In Vitro Animal Cell Sciences Section Officers

Kristina Martinez-Guryn
Midwestern University

Dr. Kristina Martinez-Guryn is an Assistant Professor in the Biomedical Sciences Program at Midwestern University located in Downers Grove, IL.  She has been an active member of SIVB and has co-convened two sessions (for SIVB 2019 and SIVB 2020). She began her career by studying to become a registered dietitian and received her BS in Human Nutrition and Dietetics
in 2006 from the University of North Carolina at Greensboro (UNCG). During the last year of her undergraduate degree, Kristina joined the lab of Dr. Michael McIntosh where she studied the adverse side effects of the weight loss supplement, conjugated linoleic acid, using primary cultures of human adipocytes. Based on her fascination with scientific research, she remained in the same lab to complete her PhD in Nutrition. Upon earning her PhD, she entered the Dietetic Internship program at UNCG and received her credentials as a Registered Dietitian. She completed her post-doctoral training at the University of Chicago in the Department of Medicine/Section of Gastroenterology, Hepatology, and Nutrition in the laboratory of Dr. Eugene B. Chang, where she investigated host-microbe interactions that promote fat absorption and obesity in mice. Following her postdoc, Kristina joined the Midwestern University’s Biomedical Sciences program, as a faculty member. Currently, Kristina trains Biomedical Sciences and medical students in microbiology and animal physiology. Her lab investigates the impact of diet on host microbial composition in the gut that in turn influences nutrient digestion and absorption. Kristina teaches Biostatistics and Nutrition Therapy to students in the Biomedical Sciences
Kenneth Kandaras
Vice Chair – Meeting
International Foundation for Ethical Research

Dr. Kandaras is the President of the International Foundation for Ethical Research and joined IFER in 2018. In addition to his work with IFER, Mr. Kandaras is the Executive Director of the National Anti-Vivisection Society (NAVS). He joined the NAVS Board of Directors in 1999 and served as its President from 2001 to 2018. Before joining IFER and NAVS, Mr. Kandaras was a Professor of Law and the Director of the Center for Advocacy and Dispute Resolution at the John Marshall Law School (UIC College of Law). His expertise extended to the fields of formal litigation, negotiation, arbitration, and mediation.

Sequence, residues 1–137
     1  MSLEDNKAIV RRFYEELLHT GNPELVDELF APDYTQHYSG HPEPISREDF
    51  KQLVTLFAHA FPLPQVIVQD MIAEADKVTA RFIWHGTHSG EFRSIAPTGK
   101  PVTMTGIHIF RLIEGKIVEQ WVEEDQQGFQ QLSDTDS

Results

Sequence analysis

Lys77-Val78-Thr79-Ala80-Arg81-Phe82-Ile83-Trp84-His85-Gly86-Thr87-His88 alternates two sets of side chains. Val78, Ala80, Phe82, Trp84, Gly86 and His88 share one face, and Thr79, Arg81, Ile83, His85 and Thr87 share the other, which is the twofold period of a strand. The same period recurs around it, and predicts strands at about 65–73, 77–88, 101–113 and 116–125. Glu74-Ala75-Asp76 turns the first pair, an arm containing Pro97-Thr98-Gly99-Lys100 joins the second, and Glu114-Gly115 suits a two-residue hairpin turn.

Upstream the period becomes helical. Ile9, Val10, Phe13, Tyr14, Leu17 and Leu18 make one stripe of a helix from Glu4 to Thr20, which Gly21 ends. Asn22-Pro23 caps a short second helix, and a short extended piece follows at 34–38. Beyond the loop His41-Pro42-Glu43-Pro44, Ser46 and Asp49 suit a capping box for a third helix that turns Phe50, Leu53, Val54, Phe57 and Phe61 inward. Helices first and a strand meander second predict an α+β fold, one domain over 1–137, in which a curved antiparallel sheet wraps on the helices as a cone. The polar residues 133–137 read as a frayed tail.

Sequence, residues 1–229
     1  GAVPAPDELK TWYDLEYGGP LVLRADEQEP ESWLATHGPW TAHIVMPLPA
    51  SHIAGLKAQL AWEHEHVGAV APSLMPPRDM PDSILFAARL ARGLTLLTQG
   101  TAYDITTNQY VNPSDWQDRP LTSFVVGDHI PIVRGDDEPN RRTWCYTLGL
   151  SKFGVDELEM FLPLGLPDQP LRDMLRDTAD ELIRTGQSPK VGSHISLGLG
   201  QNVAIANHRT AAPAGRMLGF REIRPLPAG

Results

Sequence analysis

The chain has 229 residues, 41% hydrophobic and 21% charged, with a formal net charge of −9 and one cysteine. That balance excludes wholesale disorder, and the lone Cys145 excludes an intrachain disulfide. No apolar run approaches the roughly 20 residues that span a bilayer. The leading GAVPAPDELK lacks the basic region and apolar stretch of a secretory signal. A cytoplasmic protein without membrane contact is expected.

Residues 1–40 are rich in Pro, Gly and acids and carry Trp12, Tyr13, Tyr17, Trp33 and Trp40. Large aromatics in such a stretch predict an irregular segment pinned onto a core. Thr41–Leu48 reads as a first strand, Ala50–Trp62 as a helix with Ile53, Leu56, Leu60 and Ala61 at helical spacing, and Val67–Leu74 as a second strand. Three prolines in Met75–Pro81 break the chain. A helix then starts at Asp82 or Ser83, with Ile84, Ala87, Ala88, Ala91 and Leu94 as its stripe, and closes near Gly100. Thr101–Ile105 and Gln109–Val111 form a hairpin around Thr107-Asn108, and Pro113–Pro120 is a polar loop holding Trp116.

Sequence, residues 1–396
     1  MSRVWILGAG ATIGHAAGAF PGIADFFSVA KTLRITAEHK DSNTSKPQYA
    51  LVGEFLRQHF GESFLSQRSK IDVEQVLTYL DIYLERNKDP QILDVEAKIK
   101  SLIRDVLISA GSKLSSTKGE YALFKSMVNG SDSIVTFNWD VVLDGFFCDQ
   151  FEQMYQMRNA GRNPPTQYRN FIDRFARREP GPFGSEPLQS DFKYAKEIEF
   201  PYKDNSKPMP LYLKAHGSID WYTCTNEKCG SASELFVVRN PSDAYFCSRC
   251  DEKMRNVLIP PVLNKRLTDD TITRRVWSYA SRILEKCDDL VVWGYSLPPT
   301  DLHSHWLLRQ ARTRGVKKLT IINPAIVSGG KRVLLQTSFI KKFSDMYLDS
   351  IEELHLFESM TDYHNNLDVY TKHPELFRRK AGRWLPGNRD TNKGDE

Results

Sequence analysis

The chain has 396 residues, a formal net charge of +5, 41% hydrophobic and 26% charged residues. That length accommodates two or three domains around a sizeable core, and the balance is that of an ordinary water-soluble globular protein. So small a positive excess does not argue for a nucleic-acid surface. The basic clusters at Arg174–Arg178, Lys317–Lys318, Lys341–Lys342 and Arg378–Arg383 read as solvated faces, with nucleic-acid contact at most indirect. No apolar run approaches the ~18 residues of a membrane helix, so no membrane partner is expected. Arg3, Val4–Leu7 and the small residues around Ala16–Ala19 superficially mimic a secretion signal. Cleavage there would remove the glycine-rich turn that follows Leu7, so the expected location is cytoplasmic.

Vivian Dayeh
Vice Chair – Membership
University of Waterloo

Dr. Vivian Dayeh is a Continuing Lecturer in the Department of Biology at the University of Waterloo in Waterloo, Ontario, Canada. Her focus is undergraduate teaching in human physiology, human anatomy, animal cell culture and biotechnology, and environmental toxicology. She received the Department of Biology Jack Carlson Teaching Award in 2006 and 2018, the Excellence in Science Teaching Award in 2010, and the University of Waterloo Distinguished Teacher Award in 2011. She also received the SIVB Distinguished Service Award in 2017 and the SIVB Fellow Award in 2021 Her work profile can be viewed on the following website:
Deborah Esposito
North Carolina State University

Dr. Esposito is a motivated and productive Early-Stage Investigator with a strong scientific interest in biological chemistry and preclinical drug discovery in the area of metabolic and inflammatory diseases. After moving to the U.S., she simultaneously achieved an MBS in Drug Discovery and Development and PhD in Cellular & Molecular Plant Biology from Rutgers University, NJ. She is currently an Assistant Professor of Regenerative Medicine in the Department of Animal Science at NC State University’s Plants for Human Health Institute. She is particularly interested in researching biologically active phytochemicals derived from edible plants, for human and animal health, longevity and wellbeing. Her work has focused on developing and refining translational strategies for screening natural therapeutic agents to promote muscle function and preserve regeneration capacity in aging tissues. In cell culture and animal models, her work identified compounds/extracts from a variety of botanicals, that counteract the phenotype of age-related metabolic dysregulation, which correlates with muscle loss (sarcopenia), chronic inflammation, compromised tissue regeneration, connective tissue (i.e. skin) aging, and impaired wound healing.
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